Over the past few days at the Next Web conference in Amsterdam, I had the opportunity to hang out with about 700 Internet entrepreneurs from all over Europe. The startup scene in Europe reminds me of Silicon Valley four or five years ago—hungry startups building Web companies on the cheap and products that scratch a personal itch.
Swedish startup Twingly, for instance, wants to come up with spam-free blog search by starting with the best 450,000 blogs and letting users share blog posts with each other. Paris-based Zilok is creating an eBay for renting things such as drills and digital projectors. London’s Fav.or.it makes a feed reader with extra powers—you can leave comments on blogs within the reader, it ranks posts based on how much they are actually read, and it lets you filter posts by tag, rank, or category. In Munich, andUnite has created a service that allows you to collect your search terms and share them with others.
And a handful of companies are even gaining substantial traction. I was surprised to learn that the social network Netlog claims 30 million unique visitors and four billion page views per month (comScore counts 11 million visitors, but five billion page views). Netlog operates in 15 different languages, and 20 countries. Then there is eBuddy, the Meebo of Europe, which boasts 12 million Web users and 1.6 million mobile users of its Web-based instant-messaging service.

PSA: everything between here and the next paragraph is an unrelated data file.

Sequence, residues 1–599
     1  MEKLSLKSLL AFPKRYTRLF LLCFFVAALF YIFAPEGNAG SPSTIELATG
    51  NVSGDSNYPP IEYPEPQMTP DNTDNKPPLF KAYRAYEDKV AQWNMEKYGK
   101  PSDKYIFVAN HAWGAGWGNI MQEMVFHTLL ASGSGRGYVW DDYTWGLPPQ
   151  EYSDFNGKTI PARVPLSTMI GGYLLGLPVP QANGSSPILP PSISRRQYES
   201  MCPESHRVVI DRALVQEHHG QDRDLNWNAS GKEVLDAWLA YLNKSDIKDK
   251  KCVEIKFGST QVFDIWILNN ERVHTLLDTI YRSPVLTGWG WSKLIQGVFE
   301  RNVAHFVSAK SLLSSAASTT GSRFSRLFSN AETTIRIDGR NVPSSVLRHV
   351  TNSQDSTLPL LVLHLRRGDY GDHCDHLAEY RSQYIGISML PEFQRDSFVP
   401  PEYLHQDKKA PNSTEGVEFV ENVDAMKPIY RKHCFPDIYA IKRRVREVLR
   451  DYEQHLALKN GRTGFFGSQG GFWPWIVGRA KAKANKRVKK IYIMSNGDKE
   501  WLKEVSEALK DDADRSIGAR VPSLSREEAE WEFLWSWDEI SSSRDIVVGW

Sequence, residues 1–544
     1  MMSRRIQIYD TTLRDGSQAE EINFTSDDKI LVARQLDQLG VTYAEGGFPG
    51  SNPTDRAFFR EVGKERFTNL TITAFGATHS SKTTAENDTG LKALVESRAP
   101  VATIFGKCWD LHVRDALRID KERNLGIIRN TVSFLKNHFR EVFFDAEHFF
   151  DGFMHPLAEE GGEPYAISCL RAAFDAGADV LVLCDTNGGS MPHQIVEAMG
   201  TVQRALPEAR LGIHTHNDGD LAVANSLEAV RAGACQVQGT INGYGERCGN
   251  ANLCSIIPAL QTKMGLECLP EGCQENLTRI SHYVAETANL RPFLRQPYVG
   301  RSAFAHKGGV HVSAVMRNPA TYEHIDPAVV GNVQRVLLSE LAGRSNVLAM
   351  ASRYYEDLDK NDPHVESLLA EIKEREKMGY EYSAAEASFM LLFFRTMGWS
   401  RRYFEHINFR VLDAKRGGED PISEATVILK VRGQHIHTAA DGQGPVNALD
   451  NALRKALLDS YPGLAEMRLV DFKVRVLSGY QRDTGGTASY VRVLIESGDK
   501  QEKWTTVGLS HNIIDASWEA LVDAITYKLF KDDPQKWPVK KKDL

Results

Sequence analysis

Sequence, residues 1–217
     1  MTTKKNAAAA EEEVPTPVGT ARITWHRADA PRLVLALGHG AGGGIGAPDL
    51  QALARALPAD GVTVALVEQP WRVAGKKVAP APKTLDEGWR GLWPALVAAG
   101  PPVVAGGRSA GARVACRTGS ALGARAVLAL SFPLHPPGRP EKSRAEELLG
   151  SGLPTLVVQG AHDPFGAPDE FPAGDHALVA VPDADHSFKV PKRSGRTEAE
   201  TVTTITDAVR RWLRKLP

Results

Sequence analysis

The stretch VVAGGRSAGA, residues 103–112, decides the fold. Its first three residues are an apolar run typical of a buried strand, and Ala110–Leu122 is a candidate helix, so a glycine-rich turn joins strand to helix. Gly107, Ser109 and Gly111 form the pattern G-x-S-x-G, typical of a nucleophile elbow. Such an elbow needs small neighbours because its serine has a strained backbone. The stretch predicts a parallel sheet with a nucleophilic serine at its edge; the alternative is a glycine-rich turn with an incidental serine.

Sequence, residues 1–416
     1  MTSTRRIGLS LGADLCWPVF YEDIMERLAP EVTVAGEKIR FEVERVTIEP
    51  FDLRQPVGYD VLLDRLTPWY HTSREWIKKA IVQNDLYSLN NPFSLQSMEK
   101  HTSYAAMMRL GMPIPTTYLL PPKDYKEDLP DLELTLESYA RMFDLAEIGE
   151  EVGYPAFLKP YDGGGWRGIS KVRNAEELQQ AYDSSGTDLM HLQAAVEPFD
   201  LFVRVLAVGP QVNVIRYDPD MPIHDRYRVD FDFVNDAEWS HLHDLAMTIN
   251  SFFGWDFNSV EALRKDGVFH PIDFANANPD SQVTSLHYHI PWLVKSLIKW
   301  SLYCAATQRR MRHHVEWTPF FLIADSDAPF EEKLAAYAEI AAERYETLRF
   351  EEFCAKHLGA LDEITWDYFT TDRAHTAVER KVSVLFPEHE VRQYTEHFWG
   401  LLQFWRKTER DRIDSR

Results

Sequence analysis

Most of the startups I encountered, however, are still operating under the radar—in Romania, Sweden, Holland, Ireland, France. But a cross-border Web 2.0 culture is definitely gaining steam across Europe. Technology itself is helping to break down borders. A VC showed me the landing page on his mobile phone. It wasn’t his e-mail. It was Twitter. Another startup founder told me that Twitter helps him keep a dialogue going with other entrepreneurs and VCs across Europe, and even with contacts in the U.S.
Europe is still a mosaic of employment law, tax regulations, and cultural habits that can influence where it makes the most sense to locate different parts of a business. One Dutch CEO, for instance, told me that
it costs you need a minimum of 18,000 Euros in starting capital just to incorporate in the Netherlands. And that is just the government’s fee.
When I asked which region was most likely to emerge as Europe’s Silicon Valley, the answers were all over the map: London, Munich, Berlin, Zurich, Geneva, even Barcelona. The money is in London, cheap office space is in Berlin, the mobile expertise is in Helsinki, the weather’s nice in Barcelona, and the inexpensive engineers are in Estonia (which may not even consider itself part of Europe, but is close enough to manage from Berlin or Amsterdam).
As Europe searches for its Silicon Valley, it may turn up as a state of mind rather than a specific place. The truth is that Europe may not need a single Silicon Valley because business is becoming so distributed. While some Silicon-Valley chauvinists may disagree, the idea of concentrating all the talent and capital in one region seems so last century to many Euro 2.0 entrepreneurs.
(Photo © Pieter Baert).
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